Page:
“There is nothing more satisfying than the opening of the first water lily,” says Krista.
These plants that inspired artist Claude Monet’s beloved impressionist paintings do afford iconic beauty to the water garden, but Krista learned there’s more to stocking a pond than pretty plants and colorful fish. In the case of the water lilies and lotus, these plants also provide essential shade to thwart algae growth and help cool water temperatures. Aquatic plants also contribute oxygen, absorb waste and offer spawning places for fish and frogs. She says the trick is finding the right ecological balance to maintain clear water, healthy fish and thriving plants.
Along more shallow shelves, she placed mesh baskets filled with tropical elephant’s ear (colocasia), dwarf cattails, corkscrew rush and pickerelweed. She also added free-floating plants, such as lavender-flowering water hyacinth and water lettuce, and submerged bunches of grasslike anacharis.
For the surrounding plants, Krista applied lessons learned from her years of growing perennials: repeat colors and mix textures and shapes. She started with a palette inspired by the home’s colors, initially planting a burgundy-colored Japanese maple tree, Blue Star junipers and a contrasting golden dwarf Hinoki cypress. She further filled spaces with perennials such as Dragon’s Blood sedum, blue ornamental grasses, golden amsonia and red-purple coral bells. A trellis supports her favorite clematis vine, Princess Diana, with its deep-pink, tuliplike blooms.
Finally, she accented the space with a piece of driftwood, glass art and a metal sculpture fountain. Krista says she loves visiting the pond each morning to feed her attentive goldfish. “I rattle a rock, and they come a-swimming,” she says. And, indeed, they do — all 35 of them.
Master gardener Krista Havill offers advice for creating your own beautiful and functional water garden.
Do your homework.
“The first step in building a pond is research,” says Krista. Read magazines, borrow library books, attend a pond-building class, tour gardens or talk with experts. Her favorite books include The Master Book of the Water Garden by Phillip Swindells and The Practical Rock & Water Garden by Peter Robinson.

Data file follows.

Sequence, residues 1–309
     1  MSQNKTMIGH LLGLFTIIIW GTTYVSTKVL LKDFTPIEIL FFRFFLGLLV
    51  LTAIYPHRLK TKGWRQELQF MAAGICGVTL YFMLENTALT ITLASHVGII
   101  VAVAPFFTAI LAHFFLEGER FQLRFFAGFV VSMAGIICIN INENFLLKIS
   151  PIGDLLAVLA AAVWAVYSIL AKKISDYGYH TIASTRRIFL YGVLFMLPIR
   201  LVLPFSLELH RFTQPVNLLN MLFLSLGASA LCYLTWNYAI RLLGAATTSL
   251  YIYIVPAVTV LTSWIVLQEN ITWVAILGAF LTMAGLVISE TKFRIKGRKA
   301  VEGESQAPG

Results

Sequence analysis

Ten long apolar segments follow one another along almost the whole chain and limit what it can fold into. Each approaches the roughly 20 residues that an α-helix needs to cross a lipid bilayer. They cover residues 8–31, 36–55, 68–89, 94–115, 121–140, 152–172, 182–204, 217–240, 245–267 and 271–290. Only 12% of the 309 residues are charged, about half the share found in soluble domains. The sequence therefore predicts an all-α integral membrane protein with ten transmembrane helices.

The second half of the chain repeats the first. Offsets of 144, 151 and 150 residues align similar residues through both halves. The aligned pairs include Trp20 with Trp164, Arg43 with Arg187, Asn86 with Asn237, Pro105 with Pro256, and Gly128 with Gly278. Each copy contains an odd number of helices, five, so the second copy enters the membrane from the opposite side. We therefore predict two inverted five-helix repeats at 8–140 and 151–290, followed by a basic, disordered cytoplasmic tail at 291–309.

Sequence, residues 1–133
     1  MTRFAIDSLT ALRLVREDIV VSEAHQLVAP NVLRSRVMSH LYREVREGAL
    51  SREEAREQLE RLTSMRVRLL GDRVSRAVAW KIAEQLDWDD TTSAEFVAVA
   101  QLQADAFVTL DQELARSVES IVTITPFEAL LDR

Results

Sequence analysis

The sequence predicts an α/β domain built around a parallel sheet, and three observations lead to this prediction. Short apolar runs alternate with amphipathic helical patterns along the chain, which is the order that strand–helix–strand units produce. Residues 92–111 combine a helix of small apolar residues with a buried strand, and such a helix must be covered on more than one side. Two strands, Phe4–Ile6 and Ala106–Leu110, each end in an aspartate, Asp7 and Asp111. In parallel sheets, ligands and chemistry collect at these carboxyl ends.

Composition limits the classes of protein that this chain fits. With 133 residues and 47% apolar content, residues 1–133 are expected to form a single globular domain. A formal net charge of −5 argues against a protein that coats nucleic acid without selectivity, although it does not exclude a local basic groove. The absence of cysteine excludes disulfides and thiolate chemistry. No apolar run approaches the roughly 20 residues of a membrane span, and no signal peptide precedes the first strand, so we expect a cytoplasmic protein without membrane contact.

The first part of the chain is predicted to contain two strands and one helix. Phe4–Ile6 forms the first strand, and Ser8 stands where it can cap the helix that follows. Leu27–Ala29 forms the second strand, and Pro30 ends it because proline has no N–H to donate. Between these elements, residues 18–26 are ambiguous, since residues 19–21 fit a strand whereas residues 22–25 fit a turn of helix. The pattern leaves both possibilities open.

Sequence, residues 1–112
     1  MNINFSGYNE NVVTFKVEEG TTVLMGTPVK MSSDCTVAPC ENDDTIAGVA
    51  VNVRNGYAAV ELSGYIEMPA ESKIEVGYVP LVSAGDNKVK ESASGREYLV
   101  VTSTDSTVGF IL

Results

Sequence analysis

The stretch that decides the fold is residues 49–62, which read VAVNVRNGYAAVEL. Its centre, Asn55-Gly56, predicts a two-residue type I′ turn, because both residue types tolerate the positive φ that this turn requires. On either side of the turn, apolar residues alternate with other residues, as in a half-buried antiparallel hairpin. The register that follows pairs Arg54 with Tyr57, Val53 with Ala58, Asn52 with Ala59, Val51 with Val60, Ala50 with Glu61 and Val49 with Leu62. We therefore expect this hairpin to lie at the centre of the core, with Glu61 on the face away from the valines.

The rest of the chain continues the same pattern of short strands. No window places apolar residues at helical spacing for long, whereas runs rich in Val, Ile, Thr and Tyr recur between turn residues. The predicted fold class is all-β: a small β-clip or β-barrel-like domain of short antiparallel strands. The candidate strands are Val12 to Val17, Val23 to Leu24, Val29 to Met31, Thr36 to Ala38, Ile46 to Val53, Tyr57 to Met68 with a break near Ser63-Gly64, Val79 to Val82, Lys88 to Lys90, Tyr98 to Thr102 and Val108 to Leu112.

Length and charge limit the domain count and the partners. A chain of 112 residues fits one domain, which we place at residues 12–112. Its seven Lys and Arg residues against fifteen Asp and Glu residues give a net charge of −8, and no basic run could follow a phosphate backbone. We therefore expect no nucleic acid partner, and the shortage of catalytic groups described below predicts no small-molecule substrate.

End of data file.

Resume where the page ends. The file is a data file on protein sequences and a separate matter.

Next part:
Pick the right location.
Put the water garden in a place you can enjoy it and in an area that receives at least four hours of sunlight. “Include areas to view and enjoy the pond,” Krista says, “whether it’s sitting to relax or taking a closer look at fish, frogs and dragonflies from a viewing stone.”
Choose the right size.
First sketch the pond in scale with the size of the yard then lay out the shape with a garden hose. “The shape should encourage the natural flow of water,” explains Krista. “Also, the waterfalls and streams need to be in proportion to the pond.”
Select your plants.
“Vary textures, heights and color combinations,” says Krista. “I tried to repeat color combinations in yellow, dark burgundy and blue.”
Provide proper care.
“A good quality pump skimmer is key,” Krista says. Chores include daily fish feedings, weekly chemical applications to control algae, monthly fertilization of the plants and cleaning of the filter and skimmer basket. To prepare for winter, you must remove leaves, trim back plants and connect a bubbler to prevent the water from freezing. Krista advises also buying a small heater to float on the pond during the winter to ensure a hole remains in the ice. If gasses can’t escape, they’ll kill the fish